Help fix manjaro grub screen after

Hi new manjaro forum i installed openSUSE on partition of extended but i didn’t put install of bootloader. somehow it made openSUSE as default. I can’t go into my manjaro anymore i don’t have the boot grub manjro screen anymore if sombody can help me please fix this step by step i would also like the same person on the other forum that helped me if you see this. Thank you

Hope this can help.
Good luck.

gohlip

I’m not understanding this step to get into manjaro

At that other linux grub menu, go into its grub prompt (grub>) by pressing 'c’
At its grub prompt,

grub> search.file /boot/intel-ucode.img root
grub> configfile /boot/grub/grub.cfg

All that i get is i press "C when openSUSE comes up right what do i do after

If you automatically boot to Suse without doing anything, that means you are already using Suse grub (otherwise Manjaro should boot up). If you don’t see a menu, that means Suse’s grub menu is hidden.

So if you do not see a menu, when computer starts up, keep tapping on ‘shift’ key. That should make Suse grub menu appear. If it don’t appear then when booted up to Suse, go to /etc/default/grub and comment out these lines to this

#GRUB_HIDDEN_TIMEOUT=5
#GRUB_HIDDEN_TIMEOUT_QUIET=true

And make this line

GRUB_TIMEOUT=15

At Suse’s terminal

sudo update-grub

Check if it is “sudo update-grub2” instead. (I don’t use Suse)
Then we will see Suse’s grub menu next time we boot.

Now…when Suse’s grub appear, either by tapping ‘shift’ or redoing it’s /etc/default/grub, press ‘c’.
You will see a grub prompt like this “grub>”

So now you can carry on with the commands

grub> search.file /boot/intel-ucode.img root
grub> configfile /boot/grub/grub.cfg

And do the rest when Manjaro boots up.

Thanks gohlip

Actually that’s not what i was talking about. I was confused on what to do with these commands

grub> search.file /boot/intel-ucode.img root
grub> configfile /boot/grub/grub.cfg

You have to type each one in when grub> comes up after pressing C

I thought i was finding those commands or something :smile:

You might want to add that in your tut

It worked flawlessly i have my manjaro grub and manjaro working and my MX-15 works all good now. I just have to try the openSUSE one its listed as unknown in grub and not openSUSE

openSUSE one its listed in GRUB as unknown. Is there a way to change it to openSUSE

I do not have openSuse, so I don not know why this is reported as unknown.
If people here has openSuse, your input (same unknown or listed properly) here may help LinuxTechy.

But there’s a few things we can work around this (may be unsatisfactory to you).

o Manually change the menuentry in grub.cfg to show "openSuse"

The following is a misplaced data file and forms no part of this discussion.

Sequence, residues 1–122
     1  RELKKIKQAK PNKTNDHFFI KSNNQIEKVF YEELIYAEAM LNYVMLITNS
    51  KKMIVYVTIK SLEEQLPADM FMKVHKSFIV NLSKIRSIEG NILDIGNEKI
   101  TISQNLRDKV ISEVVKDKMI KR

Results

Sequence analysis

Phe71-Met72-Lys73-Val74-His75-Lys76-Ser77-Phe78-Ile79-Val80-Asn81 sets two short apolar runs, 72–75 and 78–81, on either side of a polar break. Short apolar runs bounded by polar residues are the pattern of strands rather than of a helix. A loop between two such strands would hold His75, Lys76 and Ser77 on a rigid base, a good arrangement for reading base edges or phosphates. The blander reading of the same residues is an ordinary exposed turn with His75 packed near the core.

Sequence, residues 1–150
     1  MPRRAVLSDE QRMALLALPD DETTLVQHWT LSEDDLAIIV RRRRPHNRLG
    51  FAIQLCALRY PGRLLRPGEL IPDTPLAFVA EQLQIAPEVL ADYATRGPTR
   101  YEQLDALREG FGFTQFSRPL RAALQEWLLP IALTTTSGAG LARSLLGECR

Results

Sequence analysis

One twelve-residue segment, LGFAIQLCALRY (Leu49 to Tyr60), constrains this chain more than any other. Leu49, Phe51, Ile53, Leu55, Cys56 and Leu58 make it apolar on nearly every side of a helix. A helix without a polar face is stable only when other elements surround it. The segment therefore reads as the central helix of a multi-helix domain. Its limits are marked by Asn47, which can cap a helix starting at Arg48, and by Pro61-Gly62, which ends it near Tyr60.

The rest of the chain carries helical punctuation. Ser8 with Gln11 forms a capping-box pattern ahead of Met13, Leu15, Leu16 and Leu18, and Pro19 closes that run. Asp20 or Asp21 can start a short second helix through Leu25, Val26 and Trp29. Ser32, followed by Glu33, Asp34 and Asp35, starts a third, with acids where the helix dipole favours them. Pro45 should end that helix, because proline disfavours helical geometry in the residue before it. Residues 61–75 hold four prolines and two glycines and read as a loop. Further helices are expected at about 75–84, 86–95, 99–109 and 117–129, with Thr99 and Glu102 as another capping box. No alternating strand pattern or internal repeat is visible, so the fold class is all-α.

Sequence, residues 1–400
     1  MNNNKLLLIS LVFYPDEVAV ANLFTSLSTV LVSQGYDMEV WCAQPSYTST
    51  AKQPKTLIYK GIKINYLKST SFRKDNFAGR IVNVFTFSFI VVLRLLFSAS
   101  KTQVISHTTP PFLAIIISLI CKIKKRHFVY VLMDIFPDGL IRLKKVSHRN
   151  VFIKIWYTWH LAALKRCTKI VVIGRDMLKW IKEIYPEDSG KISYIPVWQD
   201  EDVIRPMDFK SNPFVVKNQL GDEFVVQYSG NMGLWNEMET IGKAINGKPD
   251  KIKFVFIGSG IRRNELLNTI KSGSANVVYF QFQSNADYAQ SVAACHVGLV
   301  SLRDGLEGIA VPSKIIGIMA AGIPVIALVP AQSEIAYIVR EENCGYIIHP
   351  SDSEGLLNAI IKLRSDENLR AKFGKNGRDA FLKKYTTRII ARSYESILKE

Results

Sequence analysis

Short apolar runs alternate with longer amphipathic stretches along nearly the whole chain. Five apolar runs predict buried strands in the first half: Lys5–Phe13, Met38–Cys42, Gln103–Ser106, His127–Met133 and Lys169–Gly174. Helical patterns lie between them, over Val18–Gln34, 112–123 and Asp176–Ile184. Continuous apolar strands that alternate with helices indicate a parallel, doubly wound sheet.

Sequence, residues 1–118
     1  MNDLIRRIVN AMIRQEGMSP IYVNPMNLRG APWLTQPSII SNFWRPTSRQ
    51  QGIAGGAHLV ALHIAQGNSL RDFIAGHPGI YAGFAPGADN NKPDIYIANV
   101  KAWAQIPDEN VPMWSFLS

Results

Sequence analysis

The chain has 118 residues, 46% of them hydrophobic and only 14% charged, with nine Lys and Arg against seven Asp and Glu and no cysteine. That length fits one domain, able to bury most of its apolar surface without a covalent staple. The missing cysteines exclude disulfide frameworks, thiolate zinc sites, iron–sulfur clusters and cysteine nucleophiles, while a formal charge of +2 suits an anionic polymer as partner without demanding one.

But remember that whenever there’s any “update-grub” it will revert to the “unknown” entry and the you will need to redo manually.

o Add an entry in custom.cfg and this will never be changed by any update-grub but there will be 2 entries for Suse;
one shown as the unknown and the custom one down at the bottom of grub menu.
And depending how you write the parameters, you will need to change this custom entry whenever there’s a new kernel change in Suse.
To do this, first create this custom.cfg and then put an entry there. That’s it. done.

sudo touch /boot/grub/custom.cfg
kdesu kate /boot/grub/custom.cfg

or gksu gedit /boot/grub/custom.cfg

Find out if there’s a sym-link generated by Suse to the latest kernel (most likely there is)
and let your parameter point to this sym-link instead of the actual kernel.
This sym-link may be in root / and not in boot /boot.
Then you won’t need to worry about changing anything in Manjaro grub when Suse updates kernel.

Without looking into it in detail (so I am not definite) and I don’t use any OS grub, most os-prober will looking into the OS 10_linux entry and use that as its menuentry for that OS.
It may (not sure) use what is in that OS /etc/lsb-release or other identifier to use in that os-prober.

So look into Suse 10-linux entry or lsb-release and maybe Suse use its own identifier so Manjaro’s os-prober does not find it.

As I said, I am not sure (and I am not too eager to find out :grin: ) what to me may be moot ( I don’t use any OS grub) and a minor detail. Just being honest here but hope you understand.

In fact, I disable all os-prober in all my OS (unless to test)

Just checked,
os-prober uses 10_linux which in turn uses os-release

So check if your openSuse uses /etc/os-release or still use old-style lsb-release
If there is no os-release, check if there is another os-release.new or os-release.rpm.new
Rename that to os-release, update-grub in Suse then update-grub in Manjaro.

What do you mean you don’t use os-prober. I didn’t use os-prober too. I just did what your tut said to do “update-grub” I don’t run os-prober no need to i don’t have windows installed.